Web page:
Tee Up the Skills
Job-seekers: How do you show an employer on your resume that you’re a critical thinker?
Hiring-managers: Can you determine from an interview if your candidate is empathetic? Resilient through change? Collaborative with diverse teams?
These so-called twenty-first century skills, once known as “soft skills,” are critical to our future success at Northern Light Health. More than ever, we work cohesively as one large team of 12,000-plus employees to deliver better healthcare to Maine people. This means we need to find the right people with these abilities, but spotting these skills using a traditional employment application can be tricky.
“We have to find ways to not only attract new employees or talent, but we need to make sure the talent is the right fit,” shared Elizabeth Keenan, MBA, SHRM-CP, recruiter for Northern Light Health Talent Acquisition. “So, we became involved in this project with Education Design Lab through our partnership with the University of Maine.”
This fall, Northern Light Health was selected to be a part of #TeeUpTheSkills, a groundbreaking, first-of-its-kind national initiative that brings schools and employers together to understand how to close an identified “skills gap” and improve hiring practices.
This pilot program is a partnership among the University of Maine, Bangor Savings Bank, and Education Design Lab, a national leader in the design and implementation of new learning models. Together, they will help students obtain certifications for the most in-demand yet hard-to-quantify skills such as initiative, creative problem solving, empathy, communication, and resilience.
“What these students are doing is a series of tasks or projects to prove they have gained the skills that go beyond the technical requirements for a particular job,” Elizabeth explained. In return, students will then earn “digital badges,” as they may have in their youth in Boy or Girl Scouts for mastering a skill. Digital badges are a concrete way to demonstrate knowledge and can be shared through social media profiles like LinkedIn, Facebook, or Twitter.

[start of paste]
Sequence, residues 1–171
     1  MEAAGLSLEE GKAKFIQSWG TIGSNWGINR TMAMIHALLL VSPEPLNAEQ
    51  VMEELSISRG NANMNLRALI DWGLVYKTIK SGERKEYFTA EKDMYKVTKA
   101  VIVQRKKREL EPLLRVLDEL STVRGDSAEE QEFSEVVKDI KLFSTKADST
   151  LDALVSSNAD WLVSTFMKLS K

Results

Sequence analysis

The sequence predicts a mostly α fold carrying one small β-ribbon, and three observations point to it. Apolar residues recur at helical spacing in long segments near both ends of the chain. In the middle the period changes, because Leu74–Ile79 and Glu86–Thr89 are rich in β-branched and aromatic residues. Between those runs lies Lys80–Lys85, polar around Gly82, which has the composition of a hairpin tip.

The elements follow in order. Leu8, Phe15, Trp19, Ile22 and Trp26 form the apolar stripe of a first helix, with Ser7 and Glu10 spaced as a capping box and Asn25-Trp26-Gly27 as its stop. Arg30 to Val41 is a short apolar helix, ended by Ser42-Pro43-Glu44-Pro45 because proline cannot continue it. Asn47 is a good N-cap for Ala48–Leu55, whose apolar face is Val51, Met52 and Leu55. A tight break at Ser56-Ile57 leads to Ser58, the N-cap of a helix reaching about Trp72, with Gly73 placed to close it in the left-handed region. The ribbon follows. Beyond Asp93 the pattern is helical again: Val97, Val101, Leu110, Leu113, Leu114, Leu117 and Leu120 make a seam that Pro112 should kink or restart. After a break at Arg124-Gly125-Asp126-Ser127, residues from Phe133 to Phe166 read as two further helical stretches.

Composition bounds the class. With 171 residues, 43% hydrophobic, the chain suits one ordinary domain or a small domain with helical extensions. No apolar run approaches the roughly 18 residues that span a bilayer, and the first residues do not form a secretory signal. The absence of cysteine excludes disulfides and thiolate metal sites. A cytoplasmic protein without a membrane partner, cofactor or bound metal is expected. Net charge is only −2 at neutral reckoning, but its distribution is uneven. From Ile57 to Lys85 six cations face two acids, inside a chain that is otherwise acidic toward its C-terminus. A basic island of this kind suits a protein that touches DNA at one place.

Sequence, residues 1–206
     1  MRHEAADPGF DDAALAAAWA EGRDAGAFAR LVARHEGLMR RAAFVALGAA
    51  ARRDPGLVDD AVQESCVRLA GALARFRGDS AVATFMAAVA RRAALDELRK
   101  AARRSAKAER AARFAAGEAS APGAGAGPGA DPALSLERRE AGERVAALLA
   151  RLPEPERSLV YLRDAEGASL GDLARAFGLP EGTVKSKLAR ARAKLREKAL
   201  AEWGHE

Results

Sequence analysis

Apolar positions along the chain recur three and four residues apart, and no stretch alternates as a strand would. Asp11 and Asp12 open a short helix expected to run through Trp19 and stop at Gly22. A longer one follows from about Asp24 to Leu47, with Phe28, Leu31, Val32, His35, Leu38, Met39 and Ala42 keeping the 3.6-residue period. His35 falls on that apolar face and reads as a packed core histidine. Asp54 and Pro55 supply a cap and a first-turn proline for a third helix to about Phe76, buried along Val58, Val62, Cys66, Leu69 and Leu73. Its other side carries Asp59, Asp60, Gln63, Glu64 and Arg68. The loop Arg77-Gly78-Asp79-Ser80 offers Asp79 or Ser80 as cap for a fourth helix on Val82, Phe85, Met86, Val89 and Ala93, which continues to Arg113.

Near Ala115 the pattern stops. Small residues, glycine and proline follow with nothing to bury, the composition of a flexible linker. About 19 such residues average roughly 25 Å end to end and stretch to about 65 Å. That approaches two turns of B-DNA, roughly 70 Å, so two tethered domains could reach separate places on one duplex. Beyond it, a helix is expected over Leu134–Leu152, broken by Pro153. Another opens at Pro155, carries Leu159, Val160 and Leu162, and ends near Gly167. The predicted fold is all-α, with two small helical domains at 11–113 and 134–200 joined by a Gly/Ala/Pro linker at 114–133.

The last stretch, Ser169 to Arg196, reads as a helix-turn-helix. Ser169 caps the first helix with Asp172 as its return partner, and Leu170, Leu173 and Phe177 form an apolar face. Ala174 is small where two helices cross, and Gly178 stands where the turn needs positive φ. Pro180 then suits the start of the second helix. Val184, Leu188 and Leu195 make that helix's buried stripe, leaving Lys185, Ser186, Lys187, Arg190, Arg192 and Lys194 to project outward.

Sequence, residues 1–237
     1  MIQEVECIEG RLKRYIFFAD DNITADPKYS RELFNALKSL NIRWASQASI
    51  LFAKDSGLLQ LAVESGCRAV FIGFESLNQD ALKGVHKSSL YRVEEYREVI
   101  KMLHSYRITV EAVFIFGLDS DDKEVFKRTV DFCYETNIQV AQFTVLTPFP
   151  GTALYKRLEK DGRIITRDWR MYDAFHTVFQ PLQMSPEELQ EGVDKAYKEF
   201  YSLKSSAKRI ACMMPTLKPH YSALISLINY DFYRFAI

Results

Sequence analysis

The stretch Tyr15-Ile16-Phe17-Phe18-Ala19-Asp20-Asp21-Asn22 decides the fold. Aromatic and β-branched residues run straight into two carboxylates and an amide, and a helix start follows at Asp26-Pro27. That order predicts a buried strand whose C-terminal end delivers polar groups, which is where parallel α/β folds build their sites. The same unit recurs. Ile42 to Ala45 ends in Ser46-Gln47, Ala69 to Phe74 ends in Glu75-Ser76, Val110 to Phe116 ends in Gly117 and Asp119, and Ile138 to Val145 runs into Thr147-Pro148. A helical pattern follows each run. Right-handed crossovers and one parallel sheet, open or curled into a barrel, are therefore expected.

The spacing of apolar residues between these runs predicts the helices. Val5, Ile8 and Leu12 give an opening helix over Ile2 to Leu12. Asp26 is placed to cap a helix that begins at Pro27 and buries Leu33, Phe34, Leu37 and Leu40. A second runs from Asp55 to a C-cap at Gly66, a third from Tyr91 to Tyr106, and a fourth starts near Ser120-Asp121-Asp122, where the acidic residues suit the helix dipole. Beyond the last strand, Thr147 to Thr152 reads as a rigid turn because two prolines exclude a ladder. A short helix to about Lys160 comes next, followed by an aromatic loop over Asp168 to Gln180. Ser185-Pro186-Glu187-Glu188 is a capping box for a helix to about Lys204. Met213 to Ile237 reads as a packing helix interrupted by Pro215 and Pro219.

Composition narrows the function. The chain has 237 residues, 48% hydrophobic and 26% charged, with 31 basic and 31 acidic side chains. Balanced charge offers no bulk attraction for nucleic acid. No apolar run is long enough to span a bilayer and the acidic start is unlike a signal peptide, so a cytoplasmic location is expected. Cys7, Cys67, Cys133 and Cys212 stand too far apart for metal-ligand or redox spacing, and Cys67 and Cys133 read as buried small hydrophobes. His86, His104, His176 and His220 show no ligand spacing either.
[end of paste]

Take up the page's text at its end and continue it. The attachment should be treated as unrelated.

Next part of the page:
Joanna Morrison, SHRM-SCP, director of Northern Light Health Talent Acquisition, said these badges also greatly help employers. “Hiring can get complicated. By using these digital badges, hiring managers will easily be able to identify and separate students with the right skills from other applicants.” Joanna’s team is currently developing a plan to translate these digital badges onto traditional resumes, something many employers, including Northern Light Health, still rely on to find new talent.
Hiring can get complicated. By using these digital badges, hiring managers will easily be able to identify and separate students with the right skills from other applicants.
program is voluntary for students and Elizabeth sees that as an opportunity to also identify students who show the initiative to take these classes. “We have a culture of continuous learning and knowledge sharing at Northern Light Health. This program starts that culture before these students are even our employees.” Joanna added, “It’s relationship building with these students and telling them we are a place they can continue to develop their skills.”
While still in its early stages, #TeeUpTheSkills
shows promise and Elizabeth believes it has potential to better our system. “At the end of the day, the people we hire are taking care of our family, our friends. It will be compelling to see how these students, who have gone the extra mile and focused on communication and empathy, will have an effect on patient care at Northern Light Health.”